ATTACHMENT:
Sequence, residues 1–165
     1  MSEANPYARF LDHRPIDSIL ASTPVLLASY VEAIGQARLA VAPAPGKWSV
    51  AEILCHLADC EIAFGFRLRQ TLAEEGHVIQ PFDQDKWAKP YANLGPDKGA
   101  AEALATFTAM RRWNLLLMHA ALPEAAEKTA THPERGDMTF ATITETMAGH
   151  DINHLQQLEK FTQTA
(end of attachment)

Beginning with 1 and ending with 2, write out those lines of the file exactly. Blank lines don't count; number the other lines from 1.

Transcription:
Sequence, residues 1–165
     1  MSEANPYARF LDHRPIDSIL ASTPVLLASY VEAIGQARLA VAPAPGKWSV